Adult Congenital Heart Disease and Radiation Exposure
The Malignant Price of Cardiac Care
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Article, see p 1334
Survival for patients with congenital heart disease (CHD) has improved dramatically over recent decades, and >85% of people born with a heart defect are now expected to survive to adulthood.1 Although surgical intervention has provided increasingly durable anatomic and physiological correction or repair, these interventions rarely achieve a cure. The subsequent clinical challenge involves careful consideration of the correct time to reintervene. Intervening too early exposes patients to unnecessary risks from procedural complications and is an unwarranted burden to the healthcare system. On the other hand, intervening too late poses the risk of irreversible ventricular impairment or recalcitrant arrhythmia. With so much at stake, a more intensive imaging follow-up has been an unsurprising correlate of progress. Imaging techniques involving ionizing radiation still account for a substantial proportion of these assessments and between 1990 and 2005 there was an almost 3-fold increase in the use of low-dose ionizing radiation (LDIR) procedures in patients with CHD.2 Technological advances in percutaneous structural intervention, usually under fluoroscopy guidance, have allowed patients to avoid redo surgery or, in some cases, to avoid any conventional surgical intervention whatsoever. As transcatheter technology and experience improve, the threshold for performing these procedures continues to fall, and coupled with the prevailing objective of ventricular preservation, intervention now takes place at progressively lower thresholds3,4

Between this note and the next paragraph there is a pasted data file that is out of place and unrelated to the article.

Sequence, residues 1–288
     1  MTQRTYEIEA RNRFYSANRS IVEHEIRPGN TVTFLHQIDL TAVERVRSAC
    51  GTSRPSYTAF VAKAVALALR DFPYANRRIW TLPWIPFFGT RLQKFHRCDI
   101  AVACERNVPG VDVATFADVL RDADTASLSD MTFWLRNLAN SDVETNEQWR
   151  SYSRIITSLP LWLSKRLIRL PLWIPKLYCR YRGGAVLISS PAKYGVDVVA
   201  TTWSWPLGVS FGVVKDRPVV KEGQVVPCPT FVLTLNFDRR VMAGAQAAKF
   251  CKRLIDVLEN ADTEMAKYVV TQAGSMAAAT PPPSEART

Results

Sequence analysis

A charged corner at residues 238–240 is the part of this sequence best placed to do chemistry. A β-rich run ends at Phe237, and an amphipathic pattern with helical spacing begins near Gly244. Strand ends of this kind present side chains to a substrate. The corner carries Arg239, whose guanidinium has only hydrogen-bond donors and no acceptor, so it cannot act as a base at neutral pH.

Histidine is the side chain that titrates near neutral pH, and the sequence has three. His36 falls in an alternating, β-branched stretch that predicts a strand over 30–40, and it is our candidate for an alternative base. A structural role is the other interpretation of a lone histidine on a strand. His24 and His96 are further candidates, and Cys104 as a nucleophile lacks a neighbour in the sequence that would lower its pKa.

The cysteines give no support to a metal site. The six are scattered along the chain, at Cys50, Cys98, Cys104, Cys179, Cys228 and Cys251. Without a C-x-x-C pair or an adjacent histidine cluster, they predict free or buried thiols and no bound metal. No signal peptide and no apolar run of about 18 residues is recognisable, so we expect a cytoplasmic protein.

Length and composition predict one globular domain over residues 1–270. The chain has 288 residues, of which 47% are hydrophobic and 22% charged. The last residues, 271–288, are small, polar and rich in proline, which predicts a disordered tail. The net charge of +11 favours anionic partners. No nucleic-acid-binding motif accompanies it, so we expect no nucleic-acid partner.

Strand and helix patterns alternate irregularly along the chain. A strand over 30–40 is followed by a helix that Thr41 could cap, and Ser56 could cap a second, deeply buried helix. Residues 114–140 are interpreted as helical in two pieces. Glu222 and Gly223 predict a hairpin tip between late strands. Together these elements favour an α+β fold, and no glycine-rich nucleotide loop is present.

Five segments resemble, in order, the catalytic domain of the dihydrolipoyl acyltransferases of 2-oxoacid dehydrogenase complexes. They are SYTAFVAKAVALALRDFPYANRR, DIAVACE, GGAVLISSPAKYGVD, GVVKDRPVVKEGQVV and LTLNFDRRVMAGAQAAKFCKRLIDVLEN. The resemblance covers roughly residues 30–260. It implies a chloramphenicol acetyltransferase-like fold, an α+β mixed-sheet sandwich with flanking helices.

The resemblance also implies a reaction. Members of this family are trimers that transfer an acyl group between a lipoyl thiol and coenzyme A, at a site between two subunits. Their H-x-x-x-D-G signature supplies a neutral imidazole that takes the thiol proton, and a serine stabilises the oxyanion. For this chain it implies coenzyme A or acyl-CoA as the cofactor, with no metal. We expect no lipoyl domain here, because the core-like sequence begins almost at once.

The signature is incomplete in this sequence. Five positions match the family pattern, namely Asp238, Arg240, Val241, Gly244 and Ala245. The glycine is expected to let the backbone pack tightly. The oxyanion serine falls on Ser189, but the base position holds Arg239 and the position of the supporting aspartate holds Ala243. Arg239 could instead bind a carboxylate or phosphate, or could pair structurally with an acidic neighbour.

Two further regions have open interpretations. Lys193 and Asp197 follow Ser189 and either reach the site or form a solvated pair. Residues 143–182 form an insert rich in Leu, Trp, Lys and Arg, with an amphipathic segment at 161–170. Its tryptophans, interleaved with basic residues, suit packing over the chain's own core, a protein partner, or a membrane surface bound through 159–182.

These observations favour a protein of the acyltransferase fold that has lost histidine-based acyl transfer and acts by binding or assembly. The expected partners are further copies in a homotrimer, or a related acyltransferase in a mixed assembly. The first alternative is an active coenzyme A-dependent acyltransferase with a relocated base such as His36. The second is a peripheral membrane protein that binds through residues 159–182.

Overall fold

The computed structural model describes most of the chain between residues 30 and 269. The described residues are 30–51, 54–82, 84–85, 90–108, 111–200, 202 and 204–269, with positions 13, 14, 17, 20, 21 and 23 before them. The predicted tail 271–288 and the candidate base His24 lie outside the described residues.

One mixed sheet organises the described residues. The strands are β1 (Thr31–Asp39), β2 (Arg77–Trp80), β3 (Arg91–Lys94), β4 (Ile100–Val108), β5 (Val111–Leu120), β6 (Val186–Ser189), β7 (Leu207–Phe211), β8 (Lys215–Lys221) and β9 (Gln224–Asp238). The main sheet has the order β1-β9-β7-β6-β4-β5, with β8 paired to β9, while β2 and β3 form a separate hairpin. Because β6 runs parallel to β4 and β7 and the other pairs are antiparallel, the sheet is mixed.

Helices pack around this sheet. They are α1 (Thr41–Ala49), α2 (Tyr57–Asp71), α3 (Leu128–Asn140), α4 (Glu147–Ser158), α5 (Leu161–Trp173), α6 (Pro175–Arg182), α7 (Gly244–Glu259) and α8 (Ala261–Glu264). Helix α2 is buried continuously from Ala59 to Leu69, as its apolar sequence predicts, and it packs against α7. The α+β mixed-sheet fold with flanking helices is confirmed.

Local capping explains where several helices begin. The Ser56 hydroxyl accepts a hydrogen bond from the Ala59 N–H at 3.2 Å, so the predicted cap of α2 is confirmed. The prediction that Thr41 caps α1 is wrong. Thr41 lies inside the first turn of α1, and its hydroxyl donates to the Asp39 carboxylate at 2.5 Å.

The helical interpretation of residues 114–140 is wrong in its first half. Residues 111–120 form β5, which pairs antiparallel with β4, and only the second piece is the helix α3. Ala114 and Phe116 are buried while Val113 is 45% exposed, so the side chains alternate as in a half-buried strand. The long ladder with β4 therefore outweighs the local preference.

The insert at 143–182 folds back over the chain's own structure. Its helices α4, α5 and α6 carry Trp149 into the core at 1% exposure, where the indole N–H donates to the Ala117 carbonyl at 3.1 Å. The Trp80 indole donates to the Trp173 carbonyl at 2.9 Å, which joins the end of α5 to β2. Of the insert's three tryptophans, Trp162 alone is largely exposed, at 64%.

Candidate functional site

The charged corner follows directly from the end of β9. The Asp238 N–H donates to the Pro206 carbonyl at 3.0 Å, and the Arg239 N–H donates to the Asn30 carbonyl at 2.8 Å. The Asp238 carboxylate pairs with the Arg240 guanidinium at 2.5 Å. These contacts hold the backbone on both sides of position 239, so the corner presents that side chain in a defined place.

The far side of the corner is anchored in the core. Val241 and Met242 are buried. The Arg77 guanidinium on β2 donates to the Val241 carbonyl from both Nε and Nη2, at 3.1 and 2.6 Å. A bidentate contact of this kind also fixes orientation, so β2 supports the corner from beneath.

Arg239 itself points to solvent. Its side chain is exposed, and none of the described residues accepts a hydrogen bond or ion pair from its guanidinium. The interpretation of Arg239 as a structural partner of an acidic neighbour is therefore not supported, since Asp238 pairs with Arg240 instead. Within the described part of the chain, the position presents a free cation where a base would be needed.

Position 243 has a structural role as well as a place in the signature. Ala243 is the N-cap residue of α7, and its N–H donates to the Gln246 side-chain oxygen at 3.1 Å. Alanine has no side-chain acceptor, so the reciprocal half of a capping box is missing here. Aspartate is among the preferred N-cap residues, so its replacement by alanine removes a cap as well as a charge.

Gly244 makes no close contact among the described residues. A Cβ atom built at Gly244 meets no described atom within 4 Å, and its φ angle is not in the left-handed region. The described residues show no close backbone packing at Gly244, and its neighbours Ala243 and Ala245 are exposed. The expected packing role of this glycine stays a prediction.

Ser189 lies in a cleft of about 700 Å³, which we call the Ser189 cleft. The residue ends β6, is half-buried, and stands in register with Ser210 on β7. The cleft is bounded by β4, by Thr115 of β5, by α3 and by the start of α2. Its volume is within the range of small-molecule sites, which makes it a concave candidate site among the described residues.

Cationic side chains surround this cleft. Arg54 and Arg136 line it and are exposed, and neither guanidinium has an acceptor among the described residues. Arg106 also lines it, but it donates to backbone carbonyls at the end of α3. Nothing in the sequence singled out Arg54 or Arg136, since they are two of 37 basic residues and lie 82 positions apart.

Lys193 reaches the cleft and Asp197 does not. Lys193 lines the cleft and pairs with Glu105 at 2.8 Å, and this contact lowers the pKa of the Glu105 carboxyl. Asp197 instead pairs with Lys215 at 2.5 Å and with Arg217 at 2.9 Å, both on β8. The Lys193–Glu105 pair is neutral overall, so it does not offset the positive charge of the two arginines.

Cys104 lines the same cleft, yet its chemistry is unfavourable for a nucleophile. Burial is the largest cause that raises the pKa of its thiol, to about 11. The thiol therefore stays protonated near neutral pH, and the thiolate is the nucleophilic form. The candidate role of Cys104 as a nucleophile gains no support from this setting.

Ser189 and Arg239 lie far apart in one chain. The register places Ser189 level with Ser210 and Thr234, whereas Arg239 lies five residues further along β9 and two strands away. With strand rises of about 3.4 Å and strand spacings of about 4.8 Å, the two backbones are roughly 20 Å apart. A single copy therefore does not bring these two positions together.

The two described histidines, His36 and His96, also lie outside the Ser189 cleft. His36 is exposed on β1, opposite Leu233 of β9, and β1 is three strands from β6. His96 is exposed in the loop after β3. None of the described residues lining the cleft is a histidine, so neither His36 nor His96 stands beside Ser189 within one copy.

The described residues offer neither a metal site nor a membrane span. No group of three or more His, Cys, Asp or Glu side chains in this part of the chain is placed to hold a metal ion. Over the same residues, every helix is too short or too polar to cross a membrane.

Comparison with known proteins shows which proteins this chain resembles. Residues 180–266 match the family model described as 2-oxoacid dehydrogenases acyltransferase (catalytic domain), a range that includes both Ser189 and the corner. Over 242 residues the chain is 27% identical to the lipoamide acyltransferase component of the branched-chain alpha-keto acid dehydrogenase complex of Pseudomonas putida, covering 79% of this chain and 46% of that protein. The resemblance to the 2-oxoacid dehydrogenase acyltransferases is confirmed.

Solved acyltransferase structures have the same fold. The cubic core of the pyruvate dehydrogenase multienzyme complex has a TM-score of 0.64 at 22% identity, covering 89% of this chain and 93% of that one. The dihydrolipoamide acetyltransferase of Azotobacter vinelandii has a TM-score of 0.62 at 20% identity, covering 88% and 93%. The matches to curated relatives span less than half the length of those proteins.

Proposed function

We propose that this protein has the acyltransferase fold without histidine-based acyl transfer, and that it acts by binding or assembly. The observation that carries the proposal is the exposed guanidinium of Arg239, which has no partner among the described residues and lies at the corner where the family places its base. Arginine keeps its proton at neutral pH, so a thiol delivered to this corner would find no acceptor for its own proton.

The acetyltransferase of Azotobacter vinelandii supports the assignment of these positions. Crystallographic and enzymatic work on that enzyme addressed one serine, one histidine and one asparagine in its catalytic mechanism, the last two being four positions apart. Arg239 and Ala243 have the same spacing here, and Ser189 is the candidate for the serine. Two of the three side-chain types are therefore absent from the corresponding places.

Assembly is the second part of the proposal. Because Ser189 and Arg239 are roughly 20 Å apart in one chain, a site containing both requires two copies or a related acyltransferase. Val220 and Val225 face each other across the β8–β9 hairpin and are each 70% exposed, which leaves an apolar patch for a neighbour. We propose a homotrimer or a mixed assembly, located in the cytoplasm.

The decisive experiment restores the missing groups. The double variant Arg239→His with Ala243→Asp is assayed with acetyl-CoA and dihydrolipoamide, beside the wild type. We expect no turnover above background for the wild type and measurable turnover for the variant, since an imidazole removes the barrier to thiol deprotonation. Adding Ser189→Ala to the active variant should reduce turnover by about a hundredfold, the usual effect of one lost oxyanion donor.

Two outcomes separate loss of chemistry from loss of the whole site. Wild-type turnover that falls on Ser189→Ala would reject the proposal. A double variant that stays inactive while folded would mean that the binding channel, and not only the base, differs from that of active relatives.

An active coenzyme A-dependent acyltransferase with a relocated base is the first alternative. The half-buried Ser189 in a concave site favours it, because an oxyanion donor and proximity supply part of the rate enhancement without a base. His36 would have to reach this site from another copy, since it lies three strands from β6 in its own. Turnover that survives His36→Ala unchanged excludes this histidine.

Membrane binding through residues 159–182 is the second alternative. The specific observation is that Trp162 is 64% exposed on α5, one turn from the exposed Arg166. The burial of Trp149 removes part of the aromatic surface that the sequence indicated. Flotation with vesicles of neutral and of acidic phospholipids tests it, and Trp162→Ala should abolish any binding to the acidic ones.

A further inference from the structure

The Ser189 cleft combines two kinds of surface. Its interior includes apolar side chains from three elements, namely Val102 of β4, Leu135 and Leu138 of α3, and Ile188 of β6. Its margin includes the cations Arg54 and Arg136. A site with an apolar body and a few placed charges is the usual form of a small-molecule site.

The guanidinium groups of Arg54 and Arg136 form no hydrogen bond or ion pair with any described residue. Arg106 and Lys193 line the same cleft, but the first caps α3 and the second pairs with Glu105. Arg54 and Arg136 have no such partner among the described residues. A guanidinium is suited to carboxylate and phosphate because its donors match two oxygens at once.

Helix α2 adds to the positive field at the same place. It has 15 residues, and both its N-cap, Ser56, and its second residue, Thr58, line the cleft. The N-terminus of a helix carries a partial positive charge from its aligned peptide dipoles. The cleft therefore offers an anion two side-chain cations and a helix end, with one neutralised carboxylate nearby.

The “as low as reasonably achievable” principle for the use of ionizing radiation is by no means new, but it might be argued that we need to be reminded of its importance on a regular basis and in the context of the patient in front of us. Indeed, the success story of survivorship of patients with CHD demands better clarity of thought and justification of the use of radiation as concerns for subsequent malignancy increase.5 During …